The statement was made by Mr Peter Petri, Professor of Brandeis International Business School, USA, during a workshop held yesterday in Ha Noi.
According to Petri, TPP will enable Viet Nam to accelerate exports of goods by 21-35%, boost access to imported goods by 24-39%, increase FDI by 7-11% and push up overall productivity gains by 16-28%. The agreements also put reform pressure on the country, creating momentum for growth.
In his scenario, Viet Nam’s additional gains from TPP will be US$36 billion, representing 15.5% of the country’s GDP in 2025. This is the highest percentage among 24 countries and territories expected to participate in TPP in the future.
However, intellectual property rights and labour will be the topic of much debate during the TPP negotiations. Developed countries will seek practices that are difficult to adopt and may impede competitiveness in low-income countries like Viet Nam.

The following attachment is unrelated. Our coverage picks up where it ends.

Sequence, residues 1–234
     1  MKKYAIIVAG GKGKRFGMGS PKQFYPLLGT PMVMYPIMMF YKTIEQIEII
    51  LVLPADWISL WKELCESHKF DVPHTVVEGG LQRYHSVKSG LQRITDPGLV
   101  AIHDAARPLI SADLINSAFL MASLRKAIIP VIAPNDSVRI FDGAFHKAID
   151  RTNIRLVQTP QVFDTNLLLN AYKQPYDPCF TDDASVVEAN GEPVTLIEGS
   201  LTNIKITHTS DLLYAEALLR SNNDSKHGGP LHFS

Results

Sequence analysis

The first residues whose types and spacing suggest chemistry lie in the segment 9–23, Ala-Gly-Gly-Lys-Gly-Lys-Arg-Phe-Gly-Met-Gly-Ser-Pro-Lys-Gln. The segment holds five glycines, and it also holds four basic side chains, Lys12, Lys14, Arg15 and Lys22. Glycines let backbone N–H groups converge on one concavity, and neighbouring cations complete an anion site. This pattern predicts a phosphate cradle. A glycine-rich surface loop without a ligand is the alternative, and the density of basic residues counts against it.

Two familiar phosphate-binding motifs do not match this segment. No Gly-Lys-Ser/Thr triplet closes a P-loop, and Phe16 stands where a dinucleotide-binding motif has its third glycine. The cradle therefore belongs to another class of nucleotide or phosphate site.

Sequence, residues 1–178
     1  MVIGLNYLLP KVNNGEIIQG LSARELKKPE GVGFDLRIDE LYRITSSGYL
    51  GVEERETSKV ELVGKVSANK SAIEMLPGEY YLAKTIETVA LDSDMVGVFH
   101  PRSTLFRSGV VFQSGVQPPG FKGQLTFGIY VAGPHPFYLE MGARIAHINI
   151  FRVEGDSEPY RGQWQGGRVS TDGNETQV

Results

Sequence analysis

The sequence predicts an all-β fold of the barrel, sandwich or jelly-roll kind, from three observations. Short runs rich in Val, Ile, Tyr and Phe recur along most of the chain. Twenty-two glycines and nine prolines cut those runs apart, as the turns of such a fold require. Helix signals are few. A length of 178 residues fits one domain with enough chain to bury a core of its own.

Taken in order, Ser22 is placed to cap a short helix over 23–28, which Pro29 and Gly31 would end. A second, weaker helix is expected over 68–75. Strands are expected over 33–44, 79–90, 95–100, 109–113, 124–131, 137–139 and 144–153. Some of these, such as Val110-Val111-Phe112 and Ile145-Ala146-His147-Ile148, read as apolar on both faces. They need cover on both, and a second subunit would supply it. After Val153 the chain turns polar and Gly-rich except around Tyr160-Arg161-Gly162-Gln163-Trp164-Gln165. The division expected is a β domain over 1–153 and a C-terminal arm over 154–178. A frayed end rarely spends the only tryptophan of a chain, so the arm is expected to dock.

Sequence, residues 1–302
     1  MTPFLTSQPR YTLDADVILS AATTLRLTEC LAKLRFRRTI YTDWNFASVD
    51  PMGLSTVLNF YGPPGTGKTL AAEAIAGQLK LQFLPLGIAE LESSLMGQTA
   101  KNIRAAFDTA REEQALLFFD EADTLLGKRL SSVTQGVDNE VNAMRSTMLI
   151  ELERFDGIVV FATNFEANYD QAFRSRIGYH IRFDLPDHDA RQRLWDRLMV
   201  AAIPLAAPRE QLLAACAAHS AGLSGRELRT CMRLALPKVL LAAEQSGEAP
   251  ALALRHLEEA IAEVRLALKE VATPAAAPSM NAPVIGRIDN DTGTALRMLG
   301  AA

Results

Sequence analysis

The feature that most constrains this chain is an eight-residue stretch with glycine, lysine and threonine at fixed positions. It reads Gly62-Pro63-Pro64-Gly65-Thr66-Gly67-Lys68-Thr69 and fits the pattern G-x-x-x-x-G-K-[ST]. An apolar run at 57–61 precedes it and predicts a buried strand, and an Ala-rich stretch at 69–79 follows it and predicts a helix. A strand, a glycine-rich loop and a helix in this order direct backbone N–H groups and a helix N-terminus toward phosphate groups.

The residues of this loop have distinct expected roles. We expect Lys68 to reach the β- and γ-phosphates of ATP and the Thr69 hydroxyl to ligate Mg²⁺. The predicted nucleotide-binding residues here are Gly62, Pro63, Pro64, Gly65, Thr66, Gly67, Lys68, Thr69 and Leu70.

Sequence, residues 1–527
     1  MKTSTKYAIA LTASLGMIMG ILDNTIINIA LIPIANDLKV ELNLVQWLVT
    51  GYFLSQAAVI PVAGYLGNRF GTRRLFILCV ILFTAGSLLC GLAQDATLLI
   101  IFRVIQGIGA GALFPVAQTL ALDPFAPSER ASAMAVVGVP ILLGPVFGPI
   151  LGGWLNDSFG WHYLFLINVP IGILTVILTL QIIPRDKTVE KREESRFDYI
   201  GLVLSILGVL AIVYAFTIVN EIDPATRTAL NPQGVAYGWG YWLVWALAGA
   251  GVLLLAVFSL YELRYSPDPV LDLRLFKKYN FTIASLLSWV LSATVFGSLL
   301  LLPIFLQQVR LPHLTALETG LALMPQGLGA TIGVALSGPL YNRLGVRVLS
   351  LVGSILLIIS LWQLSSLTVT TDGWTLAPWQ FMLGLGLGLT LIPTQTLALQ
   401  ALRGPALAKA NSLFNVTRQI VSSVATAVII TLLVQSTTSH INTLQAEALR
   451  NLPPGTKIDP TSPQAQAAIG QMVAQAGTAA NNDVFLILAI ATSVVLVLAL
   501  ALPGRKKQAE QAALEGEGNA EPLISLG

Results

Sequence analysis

“Negotiation factors may complete change such optimistic scenario,” said Dr Nguyen Thi Thu Trang, Director of WTO Centre, Deputy Director of Legal Department, VCCI.
Trang said if the rules of origin, standards of labour, environment, intellectual property rights and other technical barriers are stricter, Viet Nam shall not benefit from TPP elimination of major tariff at all.
“We do not worry about missing the TPP train, we only worry that such train will bring us to a desert where we can find nothing,” Trang said. Viet Nam has officially joined TPP negotiation since November 2010 together with other eight countries, i.e. Brunei, Chile, the US, Malaysia, New Zealand, Australia, Peru and Singapore. So far, TPP countries have held 11 talks and are working progressively to have the agreement signed by the end of this year.
Vietfish (Thanh Phuong)